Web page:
The “States’ Rights” Term Conservatives Frequently Use Has a Dark, Racist Origin

Share this:

During the 2008 presidential election, both members of the Republican ticket, John McCain Sarah Palin, said that they were advocates of “states’ rights.” This was not terribly surprising, considering that every Republican elected to the White House for the past 30 years has extolled the virtues of states’ rights at one point or another.

But what many don’t know– or have forgotten– is that the term “states’ rights” actually has a sinister and deeply racist origin.


Above: Riiiiiiight.

The phrase was originally used as a code word by conservatives to court southern racists, assuring them that they were supporters of their right to have as much discrimination in their state laws as they wanted. In other words, they believed in the individual states’ right to be institutionally racist and they wouldn’t let the federal government disrupt them.

Southern political pamphlets using the term date back to the 1800s, even before the Civil War. The words even adorned the official state flag of Georgia in the mid-1800s.



During the Civil Rights Movement, conservative governor George Wallace proudly declared his support for “Segregation now! Segregation tomorrow! Segregation forever!” but later said he wished that he had declared his support of the more subtle “States’ rights now! States’ rights tomorrow! States’ rights forever!”

Similarly, former Republican National Committee Chair (and Ronald Reagan/George H. W. Bush advisor) Lee Atwater admitted in an interview that “states’ rights” was deliberately coded terminology. “You start out in 1954 by saying, “Nigger, nigger, nigger.” By 1968 you can’t say “nigger”—that hurts you. Backfires.”

“So you say stuff like forced busing, states’ rights and all that stuff,” Atwater continued. “You’re getting so abstract now [that] you’re talking about cutting taxes, and all these things you’re talking about are totally economic things and a byproduct of them is [that] blacks get hurt worse than whites.” Why was Atwater so blunt? At the time of the interview, he was told he’d be quoted anonymously, although his identity as the source was revealed some 25 years later.

Related Posts

Coca-Cola’s Secret Ingredient Used to be Cocaine Where did you think it got the name Coca-Cola anyway? Yes, popular legend is correct, and the soft drink did originally contain cocaine (obtained from...
Members of the Electoral College Have Voted Their Own Way 158 Times In the United States, presidents are not elected directly-- instead, each state's votes are tallied and the winner receives electoral college members ...
23 African Americans Were Elected to Congress Before the Civil Rights Movem... Although there is a common misconception that African Americans only held elected office federally since the Civil Rights Movement of the 1950s and 19...
The Official Pledge of Allegiance Salute Used to be a ‘Hitler Salute&... ... Yes, that title is correct. Read on, intrepid history-seekers. The pledge of allegiance was originally written in 1892 by Francis Bellamy, a so...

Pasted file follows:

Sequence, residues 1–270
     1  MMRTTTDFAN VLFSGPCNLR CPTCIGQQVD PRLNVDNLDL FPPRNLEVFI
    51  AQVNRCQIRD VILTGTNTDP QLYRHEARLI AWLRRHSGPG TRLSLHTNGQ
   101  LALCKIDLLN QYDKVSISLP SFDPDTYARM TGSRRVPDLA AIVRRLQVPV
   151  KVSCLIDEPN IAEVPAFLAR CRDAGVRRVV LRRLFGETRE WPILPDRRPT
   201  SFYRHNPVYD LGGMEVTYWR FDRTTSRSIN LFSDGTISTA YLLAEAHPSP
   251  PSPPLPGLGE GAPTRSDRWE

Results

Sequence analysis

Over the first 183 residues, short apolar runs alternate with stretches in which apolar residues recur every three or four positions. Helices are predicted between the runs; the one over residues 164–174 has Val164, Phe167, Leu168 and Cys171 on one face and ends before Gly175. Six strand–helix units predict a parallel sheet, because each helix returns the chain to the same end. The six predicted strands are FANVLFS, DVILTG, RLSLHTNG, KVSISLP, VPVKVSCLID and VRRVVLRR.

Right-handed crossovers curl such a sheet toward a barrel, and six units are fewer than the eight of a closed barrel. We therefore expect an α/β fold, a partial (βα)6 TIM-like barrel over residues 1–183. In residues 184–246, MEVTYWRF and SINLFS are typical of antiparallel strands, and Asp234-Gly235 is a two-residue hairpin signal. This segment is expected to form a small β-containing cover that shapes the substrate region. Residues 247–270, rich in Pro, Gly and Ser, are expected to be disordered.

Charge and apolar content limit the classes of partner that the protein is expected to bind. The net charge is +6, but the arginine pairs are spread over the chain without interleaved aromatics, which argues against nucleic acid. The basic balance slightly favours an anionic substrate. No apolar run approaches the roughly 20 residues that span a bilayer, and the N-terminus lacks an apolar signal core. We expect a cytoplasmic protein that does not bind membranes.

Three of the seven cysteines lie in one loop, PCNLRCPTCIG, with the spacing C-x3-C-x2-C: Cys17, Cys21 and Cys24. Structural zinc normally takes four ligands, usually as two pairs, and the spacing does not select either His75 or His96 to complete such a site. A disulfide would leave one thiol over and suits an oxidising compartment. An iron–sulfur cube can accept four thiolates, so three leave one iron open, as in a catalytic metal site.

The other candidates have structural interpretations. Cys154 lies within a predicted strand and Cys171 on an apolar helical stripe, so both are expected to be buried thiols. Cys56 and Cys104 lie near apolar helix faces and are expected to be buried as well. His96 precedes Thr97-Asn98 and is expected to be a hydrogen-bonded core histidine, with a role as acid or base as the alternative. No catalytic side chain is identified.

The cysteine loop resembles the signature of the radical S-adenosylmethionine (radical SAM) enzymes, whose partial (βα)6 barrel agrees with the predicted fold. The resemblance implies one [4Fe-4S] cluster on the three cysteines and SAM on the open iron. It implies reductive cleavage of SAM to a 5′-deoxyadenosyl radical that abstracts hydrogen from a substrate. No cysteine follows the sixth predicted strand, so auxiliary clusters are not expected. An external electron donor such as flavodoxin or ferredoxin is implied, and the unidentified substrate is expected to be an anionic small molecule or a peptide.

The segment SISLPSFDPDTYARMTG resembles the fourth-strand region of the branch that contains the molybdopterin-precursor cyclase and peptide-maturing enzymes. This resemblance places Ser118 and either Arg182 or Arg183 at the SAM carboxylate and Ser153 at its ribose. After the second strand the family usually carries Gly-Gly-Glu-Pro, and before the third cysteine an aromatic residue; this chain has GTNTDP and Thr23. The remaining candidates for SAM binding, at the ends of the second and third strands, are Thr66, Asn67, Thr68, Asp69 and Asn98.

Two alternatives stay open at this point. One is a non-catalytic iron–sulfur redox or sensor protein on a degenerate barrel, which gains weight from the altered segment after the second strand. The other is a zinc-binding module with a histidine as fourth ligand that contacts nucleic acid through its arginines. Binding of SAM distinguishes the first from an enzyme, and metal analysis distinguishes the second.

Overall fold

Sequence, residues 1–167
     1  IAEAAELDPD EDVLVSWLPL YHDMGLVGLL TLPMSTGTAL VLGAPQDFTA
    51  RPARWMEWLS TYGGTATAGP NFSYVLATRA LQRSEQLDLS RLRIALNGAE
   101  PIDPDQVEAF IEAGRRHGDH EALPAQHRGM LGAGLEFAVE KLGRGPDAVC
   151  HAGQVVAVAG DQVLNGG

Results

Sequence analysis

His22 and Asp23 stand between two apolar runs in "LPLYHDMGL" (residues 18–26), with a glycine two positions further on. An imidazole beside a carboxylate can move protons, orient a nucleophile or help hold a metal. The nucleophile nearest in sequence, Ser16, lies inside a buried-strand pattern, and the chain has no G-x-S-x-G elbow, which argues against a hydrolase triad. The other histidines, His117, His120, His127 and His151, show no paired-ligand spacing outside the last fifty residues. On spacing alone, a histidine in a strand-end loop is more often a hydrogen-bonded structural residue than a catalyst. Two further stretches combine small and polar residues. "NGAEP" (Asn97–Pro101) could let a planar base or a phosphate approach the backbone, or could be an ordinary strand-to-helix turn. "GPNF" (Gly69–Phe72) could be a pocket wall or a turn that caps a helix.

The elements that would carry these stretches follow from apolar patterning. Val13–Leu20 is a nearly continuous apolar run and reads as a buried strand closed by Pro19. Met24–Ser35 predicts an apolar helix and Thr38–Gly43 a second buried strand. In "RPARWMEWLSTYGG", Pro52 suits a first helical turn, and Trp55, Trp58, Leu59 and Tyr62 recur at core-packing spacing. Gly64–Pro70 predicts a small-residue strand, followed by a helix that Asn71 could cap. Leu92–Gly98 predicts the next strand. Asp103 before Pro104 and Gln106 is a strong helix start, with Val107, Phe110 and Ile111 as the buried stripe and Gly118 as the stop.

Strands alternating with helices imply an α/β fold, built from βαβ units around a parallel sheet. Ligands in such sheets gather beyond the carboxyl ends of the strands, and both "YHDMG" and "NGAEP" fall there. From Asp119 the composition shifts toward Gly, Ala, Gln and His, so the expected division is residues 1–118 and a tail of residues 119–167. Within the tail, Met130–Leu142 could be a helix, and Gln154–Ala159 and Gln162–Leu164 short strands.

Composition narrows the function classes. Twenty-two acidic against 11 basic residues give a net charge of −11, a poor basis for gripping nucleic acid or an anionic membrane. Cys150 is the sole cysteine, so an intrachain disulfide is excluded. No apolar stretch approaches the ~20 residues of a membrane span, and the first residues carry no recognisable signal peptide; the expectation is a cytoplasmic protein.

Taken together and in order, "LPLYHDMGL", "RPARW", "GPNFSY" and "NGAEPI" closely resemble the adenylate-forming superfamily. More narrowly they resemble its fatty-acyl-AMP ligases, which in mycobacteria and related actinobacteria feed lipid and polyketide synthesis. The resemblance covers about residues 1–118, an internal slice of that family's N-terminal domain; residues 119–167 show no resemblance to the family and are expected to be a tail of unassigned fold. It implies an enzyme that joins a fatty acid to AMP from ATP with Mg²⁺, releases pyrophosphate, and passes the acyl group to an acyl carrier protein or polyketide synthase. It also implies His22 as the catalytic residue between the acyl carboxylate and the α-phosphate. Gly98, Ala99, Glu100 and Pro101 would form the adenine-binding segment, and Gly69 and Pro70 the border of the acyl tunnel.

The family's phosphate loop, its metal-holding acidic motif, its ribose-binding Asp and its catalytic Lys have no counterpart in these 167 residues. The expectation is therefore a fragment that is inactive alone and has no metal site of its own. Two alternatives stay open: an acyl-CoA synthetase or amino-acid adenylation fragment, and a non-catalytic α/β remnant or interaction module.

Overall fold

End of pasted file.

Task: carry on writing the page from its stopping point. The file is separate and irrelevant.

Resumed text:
Share this:

6 comments on “The “States’ Rights” Term Conservatives Frequently Use Has a Dark, Racist Origin”

  1. Norm from GA says:

    Would “Tenth Amendment of the US Constitution” be more politically correct?

  2. pj Connolly says:

    Great post. I’ve got to wonder, if we’re the UNITED States of America, who do individual states feel they can do whatever they want?

  3. MJ Blake says:

    Your ‘reporting’ couldn’t be more biased and your display of ignorance of history is appalling. Republicans freed the slaves. The Democrats started the Ku Klux Klan. Democrats have the history of racial hatred and bigotry. Regarding ‘States Rights’,have you ever heard of the Tenth Amendment? Nice attempt at rewriting history. It is sad the number of people you have mislead. I hope they will do their own research and not take your word as gospel. You should change your website name to ‘History That Your High School Textbooks Left Out…because it isn’t true.”

  4. Ken O. says:

    What, are we picking out the few racist Republicans? This is written as if Republicans were the voice of racism back then. Fact is, through my research, Most racists appeared to be Democrats and Republicans often fought against it. It is my understanding that even Martin Luther King Jr. was a Republican. What say you of this suspiciously slanted “history course”?

  5. Forgotten History Blog Admin says:

    It’s a well known fact that the conservative-liberal parties in the US have switched from their origins. Democrats used to be conservative, and Republicans used to be the liberals. That changed during the civil rights era.

  6. pjh95811 says:

    I was going to use this site as a reference for interesting history stories, but after reading this horribly biased, inaccurate entry, I won’t be back. The Republicans have always been the party in favor of civil rights for blacks. The Democrats have consistently voted against civil rights, they started the Ku Klux Klan, they were the ones doing the lynching. LBJ signed the Civil Rights Act in 1964, but grudgingly and not because he or his fellow Democrats cared about blacks — they only cared about power. Also, the parties never switched sides. For example, Robert Byrd, Ku Klux Klan member and Democrat senator, was a Democrat in the Senate until the day he died — he never “swirched sides” and became a Republican. Do your research.

Comments are closed.